back part of it on the Subscribers, should be esteemed a debt or obligation. W. " Ver. 70. Monroes,] Dr. Monroe, Physician to Bedlam Hospital. W.

Ver. 73. At last they steal us from ourselves away ;] i. e. Time changes all our passions, appetites, and inclinations. W.

Ver. 74. In one our Frolics,] These two lines are languid in comparison of the brevity of the Original;

-jocos, venerem, convivia, ludum; Languïd also is verse 80,

-what would you have me do? and verse 85 is too quaint and proverbial. Also in verse 88, instead of the single word præterea, he has given a whole line. But on the other hand, the verses 90 and 91 are very forcible.


Denique non omnes eadem mirantur amantque. Carmine tu gaudes: his delectatur iambis Ille Bioneis sermonibus, et sale nigro. Tres mihi convivæ prope dissentire videntur, Poscentes vario multum diversa palato. Quid dem? quid non dem ? renuis quod tu, jubet

alter: Quod petis, id sane est invisum acidumque duobus.

Præter cætera, me Romæne poemata censes Scribere

posse, inter tot curas totque labores ? Hic sponsum vocat, hic auditum scripta, relictis Omnibus officiis : cubat hic in colle Quirini, Hic extremo in Aventino; visendus uterque.


Ver, 83. and that Pindaric lays ?] Of our modern Lyric Poetry, the English is Pindaric, and the Latin, Horatian. The first is like boiled meats, of different tastes and flavours, but all insipid : the other, like the same meats potted, all of one spicey taste, and equally high-flavoured. The reason is, the English ode-makers only imitate Pindar's sense; whereas the Latin employ the very words of Horace. w.

The note on this passage concerning our common modern lyric poetry, was written some years before Gray had so effectually vindicated this species of poetry from the objections here made to it.

Ver. 87. OldfieldDartineuf] Two celebrated gluttons.-This instance adds a beauty to the whole passage, as intimating that the demand for verse is only a species of luxury. W.

But it does not appear to be at all intimated.

Ver. 93. A Poet begs, &c.] Many are the poets who could not do justice to their works by reading them with propriety. Corneille, Dryden, and Thomson, were remarkably bad readers. On the contrary, Virgil, Racine, and Boileau, and above all Nat Lee, were most excellent reciters. Just reading is an uncommon talent. The Duke de la Rochefoucault would never become a member of the French Academy, lest he should expose himself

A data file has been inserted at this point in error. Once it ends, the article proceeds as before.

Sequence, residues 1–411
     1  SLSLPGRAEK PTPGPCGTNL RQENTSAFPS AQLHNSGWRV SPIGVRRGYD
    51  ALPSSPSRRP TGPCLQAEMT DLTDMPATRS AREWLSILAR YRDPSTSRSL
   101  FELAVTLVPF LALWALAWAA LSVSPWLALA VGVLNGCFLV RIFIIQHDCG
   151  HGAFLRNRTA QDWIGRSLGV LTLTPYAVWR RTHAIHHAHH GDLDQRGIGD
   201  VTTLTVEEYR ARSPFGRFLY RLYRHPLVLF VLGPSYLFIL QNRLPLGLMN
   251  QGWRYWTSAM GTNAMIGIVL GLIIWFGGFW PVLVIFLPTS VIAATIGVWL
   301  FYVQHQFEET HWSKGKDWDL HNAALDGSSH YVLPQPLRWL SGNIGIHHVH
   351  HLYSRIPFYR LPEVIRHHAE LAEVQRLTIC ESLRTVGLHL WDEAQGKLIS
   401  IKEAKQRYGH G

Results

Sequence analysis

“But after all what would you have me do? 80 When out of twenty I can please not two; When this Heroics only deigns to praise, Sharp Satire that, and that Pindaric lays ? One likes the Pheasant's wing, and one the leg; The vulgar boil, the learned roast an egg;

85 Hard task! to hit the palate of such guests. When Oldfield loves, what Dartineuf detests. But grant I may relapse, for want of I

grace, Again to rhyme; can London be the place ? Who there his Muse, or self, or soul, attends, In crowds, and courts, law, business, feasts, and

friends? My counsel sends to execute a deed: A Poet begs me I will hear him read: In Palace-yard at nine you'll find me thereAt ten for certain, Sir, in Bloomsb’ry square 95




by his pronunciation of the speech necessary on that occasion. I had once the pleasure of hearing Quin read the Second Book of Milton, with marvellous propriety and harmony. And the late Mr. Henderson excelled in recitation,

Ver. 94. In Palace-yard] I am sorry he omitted, intervalla humanė commoda ; which heightens the distress and inconveni

In verse 101, a hackney-coach is better than, calidus redemtor. But verse 107 contains an image unnecessarily coarse and filthy. And verse 115 is little to the purpose.

I will give the reader an opportunity of comparing, and if he is imparţial, of preferring, this passage of Pope with one of Boileau on the same subject.

Qu'en tous lieux les chagrins m'attendent un passage.
Un cousin, abusant d'un factieux parentage,
Veut qu'encore tout poudreux, et sans me débotter,
Chez vingt juges pour lui j'aille solliciter ;

Il faut voir de ce pas le plus considerables,
5; L'un demeure au Marais, et l'autre aux Incurables.

« PredošláPokračovať »